Israeli scientists develop polymer-based anti-COVID-19 surface coating
Scientists from Ben-Gurion University of the Negev are currently developing anti-viral coatings for surfaces that could potentially reduce the spread of COVID-19.
The coronavirus SARS-CoV-2, which is responsible for the current COVID-19 pandemic, is transmitted between people mainly via respiratory droplets, but it is known that the virus remains stable on various surfaces for days. One of the first indications for this came from the Diamond Princess cruise ship, where active virus particles were found even 17 days after the ship was evacuated.
Which means that it’s important to be able to sterilize surfaces with high contamination potential, such as doorknobs, elevator buttons or handrails in public areas in general, and in hospitals and clinics in particular. However, current disinfectants are mainly based on chemicals such as poisonous sodium hypochlorite (bleach) or alcohol, both of which provide only a temporary measure until the next exposure to the virus.
To overcome this limitation, researchers in Israel are developing novel surface coatings that will have a long-term effect – and which contain nanoparticles of safe metal ions and polymers with anti-viral and anti-microbial activity.
The research is headed by Prof. Angel Porgador, from the Department of Microbiology, Immunology and Genetics at Ben-Gurion University (BGU) and the National Institute of Biotechnology in the Negev (NIBN), and Dr. Mark Schvartzman, the Department of Materials Engineering at BGU, and builds on earlier research that shows that surfaces coated with copper nanoparticles strongly block infection of the cells by the COVID-19 virus.
Based on these findings, Prof. Porgador and Dr. Schvartzman are developing anti-viral coatings that can be painted or sprayed on surfaces. The coatings are based on polymers, which are the starting materials of plastics and paints, and contain nanoparticles of copper and other metals. The nanoparticles embedded in the polymer will enable controlled release of metal ions onto the coated surface. Studies show that these ions have a strong anti-viral effect, which can eradicate virus particles that adhere to the surface. Because the release of ions is extremely slow, the coating can be effective for a long period of time – weeks and even months, and it will reduce the infectivity of the virus particles by more than 10-fold.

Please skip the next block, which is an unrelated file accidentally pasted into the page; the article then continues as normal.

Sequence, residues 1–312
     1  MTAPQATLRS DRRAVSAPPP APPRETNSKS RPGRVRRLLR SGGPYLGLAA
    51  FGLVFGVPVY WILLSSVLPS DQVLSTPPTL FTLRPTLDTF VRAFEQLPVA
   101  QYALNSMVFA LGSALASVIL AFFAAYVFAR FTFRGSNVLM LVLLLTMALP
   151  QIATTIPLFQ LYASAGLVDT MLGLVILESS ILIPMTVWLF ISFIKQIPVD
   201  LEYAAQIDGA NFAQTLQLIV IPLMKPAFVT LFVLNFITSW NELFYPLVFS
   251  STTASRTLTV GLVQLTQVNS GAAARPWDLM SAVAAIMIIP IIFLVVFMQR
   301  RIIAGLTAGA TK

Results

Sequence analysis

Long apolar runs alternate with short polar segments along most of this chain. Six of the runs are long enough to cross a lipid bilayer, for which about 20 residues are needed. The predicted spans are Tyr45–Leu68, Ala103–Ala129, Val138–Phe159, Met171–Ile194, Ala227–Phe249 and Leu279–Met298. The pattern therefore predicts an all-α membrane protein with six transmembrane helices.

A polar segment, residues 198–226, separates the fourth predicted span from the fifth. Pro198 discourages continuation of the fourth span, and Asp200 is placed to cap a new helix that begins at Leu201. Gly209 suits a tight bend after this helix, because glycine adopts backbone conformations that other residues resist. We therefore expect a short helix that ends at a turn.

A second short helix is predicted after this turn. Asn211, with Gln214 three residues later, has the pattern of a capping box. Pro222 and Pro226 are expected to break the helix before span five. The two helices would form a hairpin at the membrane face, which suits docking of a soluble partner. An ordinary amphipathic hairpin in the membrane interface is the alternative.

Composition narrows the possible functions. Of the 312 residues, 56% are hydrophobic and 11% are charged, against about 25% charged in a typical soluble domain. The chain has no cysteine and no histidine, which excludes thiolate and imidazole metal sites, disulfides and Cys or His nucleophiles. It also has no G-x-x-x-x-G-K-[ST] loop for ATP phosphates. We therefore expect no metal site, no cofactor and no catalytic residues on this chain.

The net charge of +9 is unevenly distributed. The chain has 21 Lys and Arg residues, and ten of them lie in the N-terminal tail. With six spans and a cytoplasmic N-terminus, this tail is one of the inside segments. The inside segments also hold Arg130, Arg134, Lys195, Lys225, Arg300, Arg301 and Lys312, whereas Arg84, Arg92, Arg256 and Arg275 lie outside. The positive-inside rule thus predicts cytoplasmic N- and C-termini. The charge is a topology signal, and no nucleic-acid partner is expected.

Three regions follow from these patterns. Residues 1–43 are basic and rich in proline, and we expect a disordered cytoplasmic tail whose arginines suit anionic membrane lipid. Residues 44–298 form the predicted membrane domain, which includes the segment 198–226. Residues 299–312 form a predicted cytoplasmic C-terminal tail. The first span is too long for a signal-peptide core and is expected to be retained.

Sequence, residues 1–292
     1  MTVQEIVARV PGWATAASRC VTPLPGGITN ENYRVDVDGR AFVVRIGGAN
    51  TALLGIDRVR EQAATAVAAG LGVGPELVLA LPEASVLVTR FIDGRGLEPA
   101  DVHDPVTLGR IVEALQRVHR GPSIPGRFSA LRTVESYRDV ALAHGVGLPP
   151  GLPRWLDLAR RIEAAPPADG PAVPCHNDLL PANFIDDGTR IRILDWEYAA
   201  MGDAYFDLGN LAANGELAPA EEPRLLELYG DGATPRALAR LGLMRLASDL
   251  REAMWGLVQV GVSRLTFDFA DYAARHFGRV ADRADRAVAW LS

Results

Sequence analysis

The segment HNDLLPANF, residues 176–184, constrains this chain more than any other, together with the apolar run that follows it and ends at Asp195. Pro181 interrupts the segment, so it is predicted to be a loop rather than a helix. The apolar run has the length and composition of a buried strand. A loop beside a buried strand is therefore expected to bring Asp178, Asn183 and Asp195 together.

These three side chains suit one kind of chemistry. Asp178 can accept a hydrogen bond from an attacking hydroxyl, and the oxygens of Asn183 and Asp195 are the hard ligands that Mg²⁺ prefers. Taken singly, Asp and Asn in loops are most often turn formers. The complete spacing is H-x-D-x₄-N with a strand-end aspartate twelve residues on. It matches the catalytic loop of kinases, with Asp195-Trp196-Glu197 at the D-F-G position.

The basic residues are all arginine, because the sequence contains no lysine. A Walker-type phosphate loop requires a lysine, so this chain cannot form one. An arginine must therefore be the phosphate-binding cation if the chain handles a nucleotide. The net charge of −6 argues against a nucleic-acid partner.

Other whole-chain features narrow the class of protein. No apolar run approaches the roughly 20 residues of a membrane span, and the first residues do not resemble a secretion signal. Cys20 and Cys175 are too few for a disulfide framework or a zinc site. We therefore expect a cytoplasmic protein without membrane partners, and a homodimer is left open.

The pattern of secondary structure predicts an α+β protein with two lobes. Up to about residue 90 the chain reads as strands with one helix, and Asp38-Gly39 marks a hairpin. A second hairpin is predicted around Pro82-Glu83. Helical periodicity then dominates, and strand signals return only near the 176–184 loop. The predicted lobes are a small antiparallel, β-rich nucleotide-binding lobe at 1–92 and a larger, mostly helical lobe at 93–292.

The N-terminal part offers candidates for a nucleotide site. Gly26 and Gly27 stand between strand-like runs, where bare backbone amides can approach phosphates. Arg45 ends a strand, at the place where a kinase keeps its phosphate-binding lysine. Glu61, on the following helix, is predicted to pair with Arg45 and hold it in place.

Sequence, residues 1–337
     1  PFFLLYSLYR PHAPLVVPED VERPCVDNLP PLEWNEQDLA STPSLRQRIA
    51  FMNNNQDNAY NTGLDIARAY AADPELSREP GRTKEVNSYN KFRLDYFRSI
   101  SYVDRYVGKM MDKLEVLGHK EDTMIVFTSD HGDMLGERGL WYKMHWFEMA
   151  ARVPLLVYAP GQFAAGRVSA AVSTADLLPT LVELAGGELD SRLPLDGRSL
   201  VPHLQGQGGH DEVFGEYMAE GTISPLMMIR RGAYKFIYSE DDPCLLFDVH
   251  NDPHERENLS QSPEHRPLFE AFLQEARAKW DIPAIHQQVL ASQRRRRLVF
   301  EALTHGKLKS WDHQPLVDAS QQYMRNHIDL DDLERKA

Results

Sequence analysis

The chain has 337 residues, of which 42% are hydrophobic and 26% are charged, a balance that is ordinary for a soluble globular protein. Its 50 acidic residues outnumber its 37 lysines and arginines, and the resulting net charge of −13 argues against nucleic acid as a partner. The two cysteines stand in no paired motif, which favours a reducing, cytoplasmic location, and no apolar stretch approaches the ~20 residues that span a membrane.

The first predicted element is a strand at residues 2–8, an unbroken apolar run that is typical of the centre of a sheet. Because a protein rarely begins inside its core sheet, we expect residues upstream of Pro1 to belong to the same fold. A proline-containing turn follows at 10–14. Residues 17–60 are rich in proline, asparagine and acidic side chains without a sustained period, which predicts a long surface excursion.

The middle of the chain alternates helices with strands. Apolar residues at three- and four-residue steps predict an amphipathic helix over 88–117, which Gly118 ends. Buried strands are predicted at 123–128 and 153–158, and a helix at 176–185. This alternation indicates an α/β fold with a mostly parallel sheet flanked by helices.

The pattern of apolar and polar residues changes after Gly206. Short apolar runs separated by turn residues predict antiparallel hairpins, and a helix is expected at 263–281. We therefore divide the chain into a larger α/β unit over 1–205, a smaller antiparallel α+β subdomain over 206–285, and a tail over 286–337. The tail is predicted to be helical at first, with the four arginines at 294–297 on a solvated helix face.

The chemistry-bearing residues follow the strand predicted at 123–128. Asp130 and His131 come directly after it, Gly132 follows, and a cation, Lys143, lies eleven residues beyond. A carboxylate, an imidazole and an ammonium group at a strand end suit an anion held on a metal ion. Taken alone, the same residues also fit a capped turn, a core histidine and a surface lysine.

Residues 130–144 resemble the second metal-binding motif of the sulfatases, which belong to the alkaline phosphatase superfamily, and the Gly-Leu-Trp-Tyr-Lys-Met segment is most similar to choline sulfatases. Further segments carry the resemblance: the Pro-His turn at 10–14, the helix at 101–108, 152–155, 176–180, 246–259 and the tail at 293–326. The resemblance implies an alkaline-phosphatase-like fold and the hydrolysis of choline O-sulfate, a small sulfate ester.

“While current surface disinfection methods rely mostly on substances that are poisonous for people, such as bleach, or on substances that evaporate readily being based on alcohol, the coating that we are developing is based on metals that are toxic for viruses or bacteria, but completely human friendly,” Dr. Schvartzman said. “It should be noted that until now using such metals for anti-viral applications has encountered significant challenges due to the nature of the metals, such as the tendency to oxidize and corrode. Nanoparticles provide a solution to these obstacles. Another advantage of nanoparticles is the large surface area to volume ratio, which results in an efficient anti-viral surface area using a relatively small amount of metal. Additionally, nanoparticles of anti-viral metal can be easily embedded in a polymer that can coat the relevant surfaces for extended periods of time.”
The research activity of Prof. Porgador and Dr. Schvartzman is part of the coronavirus research task force, founded by Prof. Daniel Chamovitz, president of BGU. To support this activity, it was decided to divert research funds in order to find rapid solutions for various challenges associated with the coronavirus pandemic. This invention received the support of the Israel Innovation Authority, in response to a call for proposals for coping with the coronavirus. The project is one of 27 proposals submitted to the Israel Innovation Authority by BGN Technologies, the technology transfer company of BGU, based on innovative and diverse inventions of researchers at BGU and NIBN for the prevention, diagnosis, and treatment of COVID-19.